Jump to content
  • Advertisement
Sign in to follow this  
Toadhead

Vectors or Arrays?

This topic is 4835 days old which is more than the 365 day threshold we allow for new replies. Please post a new topic.

If you intended to correct an error in the post then please contact us.

Recommended Posts

Someone told me I shouldnt use arrays but I should use vectors (from the STL) instead. Whats actually the big difference? Why shouldnt I use arrays?? Can anyone tell me which is faster, better etc.?

Share this post


Link to post
Share on other sites
Advertisement
Arrays sizes must be defined at compile-time. All they have to go for them is that they are fast to create. Vectors are classes that encapsulate dynamic arrays (created with new). They have variable sizes and loads of extra functionality. They are slightly slower to create than fixed-size arrays, but just as fast, and more convenient, than dynamically-allocated arrays.

Unless you have a solid and well-reasoned reason not to, use a vector.

Share this post


Link to post
Share on other sites
Guest Anonymous Poster
Plus, the standard states that each element in a vector only takes up 1 bit of memory. Very handy for storing state information, and it lets you skip all of the bitwise/bitshifting that you'd have to do if you used any other type.

Share this post


Link to post
Share on other sites
Guest Anonymous Poster
that would be vector<bool> ... silly parser

Share this post


Link to post
Share on other sites
vector<bool> has ... issues that render it unsuitable to many tasks. For starters, it doesn't contain bool: that too clever bit-packing idea is something that has come back to bite the collective arses of the C++ Committee.

Share this post


Link to post
Share on other sites
Quote:
Original post by Fruny
Arrays sizes must be defined at compile-time.



int sizeOfArray;

cin >> sizeOfArray;

int *myArray = new int[sizeOfArray];
delete [] myArray;



Obviously you don't have to define array sizes at compile-time. Unless I'm mistaken, what you probably wanted to say was that arrays cannot be used as dynamically as such things as lists, as an array is usually allocated as a "pre-defined block" which is then filled. However even the size of arrays can be dynamically changed, but usually when you need that - you probably should have been using a list.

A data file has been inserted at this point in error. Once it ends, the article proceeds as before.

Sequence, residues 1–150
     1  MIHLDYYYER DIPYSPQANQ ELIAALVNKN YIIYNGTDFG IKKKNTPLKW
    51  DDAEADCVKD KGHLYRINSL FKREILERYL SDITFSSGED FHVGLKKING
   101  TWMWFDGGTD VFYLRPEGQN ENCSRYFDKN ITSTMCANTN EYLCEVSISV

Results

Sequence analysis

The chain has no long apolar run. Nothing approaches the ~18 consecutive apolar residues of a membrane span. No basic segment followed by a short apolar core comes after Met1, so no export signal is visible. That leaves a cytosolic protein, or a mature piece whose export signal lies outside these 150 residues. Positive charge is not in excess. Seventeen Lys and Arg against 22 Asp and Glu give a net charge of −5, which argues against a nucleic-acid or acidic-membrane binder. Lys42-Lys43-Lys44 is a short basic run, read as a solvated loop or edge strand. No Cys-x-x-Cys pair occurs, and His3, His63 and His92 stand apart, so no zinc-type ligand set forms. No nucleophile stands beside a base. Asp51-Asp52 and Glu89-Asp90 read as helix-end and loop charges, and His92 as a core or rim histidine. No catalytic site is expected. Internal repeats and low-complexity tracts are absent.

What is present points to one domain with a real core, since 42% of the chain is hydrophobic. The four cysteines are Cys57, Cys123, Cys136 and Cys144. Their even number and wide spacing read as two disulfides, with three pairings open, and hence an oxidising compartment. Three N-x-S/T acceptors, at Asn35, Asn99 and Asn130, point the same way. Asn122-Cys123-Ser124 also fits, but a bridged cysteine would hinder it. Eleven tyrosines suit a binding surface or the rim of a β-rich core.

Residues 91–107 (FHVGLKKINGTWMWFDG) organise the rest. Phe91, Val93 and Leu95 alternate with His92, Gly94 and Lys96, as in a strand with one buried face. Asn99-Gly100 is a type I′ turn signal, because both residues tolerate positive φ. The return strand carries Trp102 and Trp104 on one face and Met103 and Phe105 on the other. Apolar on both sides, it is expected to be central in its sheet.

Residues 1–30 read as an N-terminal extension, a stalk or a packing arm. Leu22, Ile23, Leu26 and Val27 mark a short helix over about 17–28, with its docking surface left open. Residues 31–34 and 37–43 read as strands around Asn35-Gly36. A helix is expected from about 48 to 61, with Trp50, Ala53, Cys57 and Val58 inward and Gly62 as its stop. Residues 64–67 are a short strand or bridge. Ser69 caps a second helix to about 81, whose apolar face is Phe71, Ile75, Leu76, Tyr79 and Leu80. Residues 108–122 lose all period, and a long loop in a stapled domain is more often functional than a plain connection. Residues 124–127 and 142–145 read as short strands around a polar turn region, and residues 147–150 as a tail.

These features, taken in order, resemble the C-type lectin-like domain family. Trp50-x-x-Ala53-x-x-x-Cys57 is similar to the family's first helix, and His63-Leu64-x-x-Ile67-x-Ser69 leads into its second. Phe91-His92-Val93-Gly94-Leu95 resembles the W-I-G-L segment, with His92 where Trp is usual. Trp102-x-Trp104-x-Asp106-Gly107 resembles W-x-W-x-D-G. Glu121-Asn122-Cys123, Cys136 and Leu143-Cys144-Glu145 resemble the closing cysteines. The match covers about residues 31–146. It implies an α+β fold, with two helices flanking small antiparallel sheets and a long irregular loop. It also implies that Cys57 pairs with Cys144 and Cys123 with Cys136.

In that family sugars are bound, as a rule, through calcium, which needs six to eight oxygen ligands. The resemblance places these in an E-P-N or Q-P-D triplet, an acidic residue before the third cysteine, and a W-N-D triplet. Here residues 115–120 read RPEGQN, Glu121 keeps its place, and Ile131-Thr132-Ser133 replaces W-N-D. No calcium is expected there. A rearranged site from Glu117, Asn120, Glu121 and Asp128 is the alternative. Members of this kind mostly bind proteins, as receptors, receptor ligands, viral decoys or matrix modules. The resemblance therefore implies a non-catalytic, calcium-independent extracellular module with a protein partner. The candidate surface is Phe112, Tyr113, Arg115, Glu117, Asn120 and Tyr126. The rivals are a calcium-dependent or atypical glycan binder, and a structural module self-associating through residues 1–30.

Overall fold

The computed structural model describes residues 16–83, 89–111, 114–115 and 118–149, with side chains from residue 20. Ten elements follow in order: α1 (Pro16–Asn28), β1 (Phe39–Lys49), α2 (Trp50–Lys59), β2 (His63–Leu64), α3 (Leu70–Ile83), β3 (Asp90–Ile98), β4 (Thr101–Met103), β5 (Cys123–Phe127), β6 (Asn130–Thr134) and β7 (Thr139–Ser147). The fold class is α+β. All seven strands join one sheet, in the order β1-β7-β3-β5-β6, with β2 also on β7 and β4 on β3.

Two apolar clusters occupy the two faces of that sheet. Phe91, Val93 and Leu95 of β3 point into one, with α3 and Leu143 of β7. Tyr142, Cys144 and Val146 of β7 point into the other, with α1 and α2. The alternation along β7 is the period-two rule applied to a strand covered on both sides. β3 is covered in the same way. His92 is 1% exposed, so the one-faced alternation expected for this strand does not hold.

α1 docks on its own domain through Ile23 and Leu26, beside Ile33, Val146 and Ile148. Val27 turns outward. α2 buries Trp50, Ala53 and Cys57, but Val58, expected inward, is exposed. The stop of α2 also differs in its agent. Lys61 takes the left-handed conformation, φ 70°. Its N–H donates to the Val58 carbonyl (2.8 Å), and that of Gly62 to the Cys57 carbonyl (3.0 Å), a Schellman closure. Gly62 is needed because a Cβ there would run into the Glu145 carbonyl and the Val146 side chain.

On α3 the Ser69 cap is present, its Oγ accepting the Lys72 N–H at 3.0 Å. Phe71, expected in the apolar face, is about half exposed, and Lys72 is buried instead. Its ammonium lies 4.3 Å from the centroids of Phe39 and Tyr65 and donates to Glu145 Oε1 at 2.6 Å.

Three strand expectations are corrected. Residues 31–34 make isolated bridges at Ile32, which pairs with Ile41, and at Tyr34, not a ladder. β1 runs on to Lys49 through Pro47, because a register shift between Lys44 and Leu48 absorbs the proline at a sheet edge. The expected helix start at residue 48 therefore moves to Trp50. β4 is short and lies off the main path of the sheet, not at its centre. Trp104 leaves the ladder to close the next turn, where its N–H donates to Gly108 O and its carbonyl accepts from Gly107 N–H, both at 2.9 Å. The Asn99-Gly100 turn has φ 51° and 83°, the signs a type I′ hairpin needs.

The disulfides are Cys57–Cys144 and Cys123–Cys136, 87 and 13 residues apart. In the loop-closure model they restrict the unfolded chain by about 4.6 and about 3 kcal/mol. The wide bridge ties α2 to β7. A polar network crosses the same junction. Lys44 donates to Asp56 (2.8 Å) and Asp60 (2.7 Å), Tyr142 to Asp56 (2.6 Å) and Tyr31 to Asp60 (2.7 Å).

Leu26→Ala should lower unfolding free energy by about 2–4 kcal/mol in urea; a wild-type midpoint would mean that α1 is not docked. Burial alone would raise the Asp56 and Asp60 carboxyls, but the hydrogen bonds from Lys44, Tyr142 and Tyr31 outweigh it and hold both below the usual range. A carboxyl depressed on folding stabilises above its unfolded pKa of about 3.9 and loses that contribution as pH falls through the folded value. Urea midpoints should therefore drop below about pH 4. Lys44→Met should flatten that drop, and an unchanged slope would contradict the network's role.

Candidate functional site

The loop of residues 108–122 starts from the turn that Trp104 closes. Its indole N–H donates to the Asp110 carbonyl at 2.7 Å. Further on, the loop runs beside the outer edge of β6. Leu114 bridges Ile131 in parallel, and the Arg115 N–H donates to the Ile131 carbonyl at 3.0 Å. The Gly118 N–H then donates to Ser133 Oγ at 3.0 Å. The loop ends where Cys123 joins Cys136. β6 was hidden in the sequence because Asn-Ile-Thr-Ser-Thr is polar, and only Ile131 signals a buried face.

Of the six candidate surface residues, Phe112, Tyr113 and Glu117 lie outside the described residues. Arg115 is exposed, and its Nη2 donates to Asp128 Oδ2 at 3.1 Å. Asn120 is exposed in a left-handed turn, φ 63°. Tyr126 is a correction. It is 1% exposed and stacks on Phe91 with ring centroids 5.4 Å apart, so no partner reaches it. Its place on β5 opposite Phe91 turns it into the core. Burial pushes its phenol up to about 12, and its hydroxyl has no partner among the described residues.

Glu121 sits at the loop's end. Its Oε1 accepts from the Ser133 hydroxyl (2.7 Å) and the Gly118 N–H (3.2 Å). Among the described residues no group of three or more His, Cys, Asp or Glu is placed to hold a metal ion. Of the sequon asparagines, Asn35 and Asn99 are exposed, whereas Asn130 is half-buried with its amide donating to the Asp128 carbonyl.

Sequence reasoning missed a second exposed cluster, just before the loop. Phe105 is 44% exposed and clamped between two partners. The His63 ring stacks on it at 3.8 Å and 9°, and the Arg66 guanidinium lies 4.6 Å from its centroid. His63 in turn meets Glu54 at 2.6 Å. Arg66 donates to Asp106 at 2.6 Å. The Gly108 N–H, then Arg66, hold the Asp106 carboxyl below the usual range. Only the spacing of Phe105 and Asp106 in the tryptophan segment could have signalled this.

If you need maximum speed to access indexed data, I guess Arrays is the way to go.

Share this post


Link to post
Share on other sites
Quote:
However even the size of arrays can be dynamically changed, but usually when you need that - you probably should have been using a list.


Not necessarily; lists don't have very good traversal speeds compared to vectors due to non-continguously allocated memory, and vectors only suffer from resizing when you add to a location other than the end. If you don't often have to remove things from the middle, and spend a lot of time instead traversing, then a vector may still be suitable.

Share this post


Link to post
Share on other sites
Fruny, I'm not certain which tasks vector<bool> are unsuitable for? I respect your opinions and experience, so please know that I am genuinely interested.

Why would it matter how the data is stored within the container? [], at() and *_iterator all return bool, do they not?